LANCASTER – Nancy Csizmar was a kindergarten teacher who loved art, and for more than 30 years battled cancer, including a tumor behind her eye, facial cancer, skin cancer and two types of lung cancer. She carved goose eggs, emu eggs, ostrich eggs and gourds, winning awards in several craft shows and the Antelope Valley Fair.
While receiving chemotherapy, she gave away her carved eggs to other patients as a small gift. Nancy felt any woman having chemotherapy should have a little gift to light up their day. Even through her debilitating illness, she continued carving and giving away her eggs.
Nancy passed away from Pneumonia in December of 2017.
Her husband, Jack Csizmar, decided to learn how to carve eggs to carry on the tradition in her memory. After several weeks of errors and broken eggs, he began to carve acceptable goose eggs and began giving them to patients at the City of Hope in Lancaster. Each egg takes about two or more hours to create, but the response of happiness from the recipients kept him busy carving as new patients arrived at the infusion center. He was surprised to find so many women with cancer in the area.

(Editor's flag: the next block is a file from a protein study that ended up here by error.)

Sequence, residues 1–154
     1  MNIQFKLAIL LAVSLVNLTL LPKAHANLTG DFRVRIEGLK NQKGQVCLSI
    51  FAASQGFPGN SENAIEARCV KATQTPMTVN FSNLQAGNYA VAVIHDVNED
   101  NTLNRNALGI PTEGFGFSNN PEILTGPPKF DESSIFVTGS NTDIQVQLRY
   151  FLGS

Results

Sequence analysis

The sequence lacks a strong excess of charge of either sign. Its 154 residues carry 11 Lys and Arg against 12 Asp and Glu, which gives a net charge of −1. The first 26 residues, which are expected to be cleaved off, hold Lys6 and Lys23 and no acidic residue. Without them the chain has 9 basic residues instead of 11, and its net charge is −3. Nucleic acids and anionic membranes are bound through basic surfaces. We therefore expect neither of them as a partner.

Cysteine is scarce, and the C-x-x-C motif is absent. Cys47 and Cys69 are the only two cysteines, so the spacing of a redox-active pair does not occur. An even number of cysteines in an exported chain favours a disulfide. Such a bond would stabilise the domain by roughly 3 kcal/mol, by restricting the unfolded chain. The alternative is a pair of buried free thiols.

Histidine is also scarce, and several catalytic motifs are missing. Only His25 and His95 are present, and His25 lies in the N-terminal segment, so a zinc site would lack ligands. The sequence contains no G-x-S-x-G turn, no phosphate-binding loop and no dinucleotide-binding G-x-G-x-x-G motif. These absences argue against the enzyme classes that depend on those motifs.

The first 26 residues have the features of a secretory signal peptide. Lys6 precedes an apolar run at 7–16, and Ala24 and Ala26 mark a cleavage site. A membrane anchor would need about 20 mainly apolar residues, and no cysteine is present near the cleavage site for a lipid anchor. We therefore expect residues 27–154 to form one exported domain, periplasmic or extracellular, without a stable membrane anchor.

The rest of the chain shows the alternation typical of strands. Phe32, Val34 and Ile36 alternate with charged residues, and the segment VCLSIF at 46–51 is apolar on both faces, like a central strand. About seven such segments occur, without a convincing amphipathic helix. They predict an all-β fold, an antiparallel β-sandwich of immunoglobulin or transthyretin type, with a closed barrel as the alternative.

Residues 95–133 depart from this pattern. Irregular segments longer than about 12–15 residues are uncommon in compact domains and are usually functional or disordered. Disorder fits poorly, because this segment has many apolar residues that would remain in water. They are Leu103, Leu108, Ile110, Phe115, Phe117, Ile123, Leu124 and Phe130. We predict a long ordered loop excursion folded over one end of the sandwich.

As time passed, Jack added Kaiser Permanente in Lancaster and Panorama City, AV Cancer Center, City of Hope in Santa Clarita and City of Hope in Mission Hills to his delivery list. What started off as a small project expanded over time so that by June 2018, more than 500 Chemo Patients had received a carved egg.
Jack continues to carve eggs and has not set a limit on the number of eggs he will create in the future. As a two-time cancer survivor himself, he can easily empathize with the chemotherapy or radiation recipients.
The smiles, tears, and happiness keep him carving.
[Information via news release from Kaiser Permanente Antelope Valley.]